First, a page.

HomeATM ePayment Solutions said it is finally gaining traction in the marketplace for its home card reader — because of the popularity of a reader made by Square Inc. and a coming reduction in debit card interchange fees.
Mitchell Cobrin took over as the president and chief executive of the Montreal company at about the same time Twitter Inc. co-founder Jack Dorsey was introducing Square, a small card reader that attaches to smartphones, to the masses. And HomeATM was just starting to reinvent its business model.
"We look at Square as healthy market awareness" of mobile card acceptance, Cobrin said. "They created attention to a market that's emerging."
HomeATM has no plans to abandon enabling PIN debit transactions at home with its personal card swipe device and PIN pad, the Rover. The company is also promoting an "anywhere commerce" model suitable for merchants with "line-busting," or nontraditional checkout systems and also for mobile merchants such as repairmen and taxi drivers who would use the device with a mobile phone, laptop or Apple Inc.'s iPad to conduct transactions.
CardinalCommerce Corp., a Mentor, Ohio, payment security company, on Feb. 15 signed a partnership with HomeATM to include the Rover as part of its Centinel service, which enables merchants to accept payment authentication programs and alternative payment brands independent of online payment gateways, shopping cart software and processors.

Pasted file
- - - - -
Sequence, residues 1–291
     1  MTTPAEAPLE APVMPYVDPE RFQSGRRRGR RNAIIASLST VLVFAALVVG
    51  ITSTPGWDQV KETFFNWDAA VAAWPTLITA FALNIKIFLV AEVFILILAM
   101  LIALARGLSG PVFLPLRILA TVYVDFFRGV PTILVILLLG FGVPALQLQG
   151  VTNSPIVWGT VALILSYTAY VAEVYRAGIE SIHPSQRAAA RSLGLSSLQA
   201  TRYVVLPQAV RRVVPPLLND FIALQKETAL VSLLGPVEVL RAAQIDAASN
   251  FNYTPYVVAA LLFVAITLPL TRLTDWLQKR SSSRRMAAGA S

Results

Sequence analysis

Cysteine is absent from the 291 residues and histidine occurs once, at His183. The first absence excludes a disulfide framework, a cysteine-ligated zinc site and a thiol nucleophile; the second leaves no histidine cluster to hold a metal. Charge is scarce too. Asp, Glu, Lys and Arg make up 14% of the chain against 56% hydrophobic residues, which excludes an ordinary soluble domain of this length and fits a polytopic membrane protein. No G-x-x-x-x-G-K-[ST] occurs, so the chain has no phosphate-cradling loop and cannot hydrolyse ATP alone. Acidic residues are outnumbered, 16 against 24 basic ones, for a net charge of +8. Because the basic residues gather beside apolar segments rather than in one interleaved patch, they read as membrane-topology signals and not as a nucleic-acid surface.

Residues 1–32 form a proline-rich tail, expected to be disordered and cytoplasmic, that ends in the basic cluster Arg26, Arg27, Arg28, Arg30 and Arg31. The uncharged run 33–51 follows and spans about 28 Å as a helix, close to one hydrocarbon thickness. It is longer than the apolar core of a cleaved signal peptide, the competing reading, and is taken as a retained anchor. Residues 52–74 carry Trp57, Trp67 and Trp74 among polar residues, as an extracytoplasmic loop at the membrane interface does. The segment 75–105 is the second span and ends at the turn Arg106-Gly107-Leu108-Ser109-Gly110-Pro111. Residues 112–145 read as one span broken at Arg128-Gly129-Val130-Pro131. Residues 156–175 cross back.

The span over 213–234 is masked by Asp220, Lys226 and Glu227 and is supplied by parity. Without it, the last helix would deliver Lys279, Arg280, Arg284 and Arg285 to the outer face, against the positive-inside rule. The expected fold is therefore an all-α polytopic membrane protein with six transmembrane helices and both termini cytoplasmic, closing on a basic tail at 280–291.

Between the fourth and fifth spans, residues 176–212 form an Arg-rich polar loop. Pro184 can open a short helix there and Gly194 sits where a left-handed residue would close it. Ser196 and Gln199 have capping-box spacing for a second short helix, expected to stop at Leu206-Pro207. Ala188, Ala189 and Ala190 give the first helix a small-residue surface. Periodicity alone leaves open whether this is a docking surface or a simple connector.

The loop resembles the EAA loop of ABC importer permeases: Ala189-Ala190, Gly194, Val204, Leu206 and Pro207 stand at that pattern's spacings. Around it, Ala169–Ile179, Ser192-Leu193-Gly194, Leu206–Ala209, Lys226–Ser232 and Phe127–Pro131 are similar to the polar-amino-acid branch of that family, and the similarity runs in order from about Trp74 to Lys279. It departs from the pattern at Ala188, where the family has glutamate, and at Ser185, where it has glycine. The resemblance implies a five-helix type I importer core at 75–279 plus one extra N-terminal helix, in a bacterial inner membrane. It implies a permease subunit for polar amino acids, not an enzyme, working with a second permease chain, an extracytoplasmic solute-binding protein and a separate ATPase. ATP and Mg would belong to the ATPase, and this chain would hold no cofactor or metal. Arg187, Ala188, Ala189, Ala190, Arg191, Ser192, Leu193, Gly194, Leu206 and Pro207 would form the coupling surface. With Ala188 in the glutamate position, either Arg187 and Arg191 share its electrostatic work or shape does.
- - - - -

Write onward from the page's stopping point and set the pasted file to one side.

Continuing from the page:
Merchants that decide to accept Internet PIN debit transactions using HomeATM's Rover could distribute the device free to consumers, Michael Keresman, CardinalCommerce's CEO, said in an interview.
HomeATM also is approaching merchants directly, Cobrin said. A national retailer, which he would not name, plans to deploy the Rover next month for merchants with line-busting environments.
"That retailer was pretty innovative in its ideas with line-busting, PIN-debit, tablets and PCs and mobile phones," Cobrin said.
Paul Turgeon, the president of Payments and Processing Consultants Inc., said HomeATM's device is well suited for line-busting situations and for mobile merchants in general. "There are lots of those kind of merchants who are spending a lot of money equipping themselves to take credit cards," he said last year.
Cobrin said the Federal Reserve Board's proposed debit interchange cap "makes it a very interesting opportunity for retailers to take a clear and honest look at their PIN-debit strategy for the Web … a solution that could provide superior rates because of its superior security is really going to be grabbing attention right now."
Mobile merchants would get significant savings using the Rover instead of other mobile acceptance devices, Cobrin said. For example, a plumber who provides services for between $200 and $300 during each visit would potentially pay 12 cents on that transaction compared with higher credit card rates.
"That's a significant return on investment" for Rover users, Cobrin said.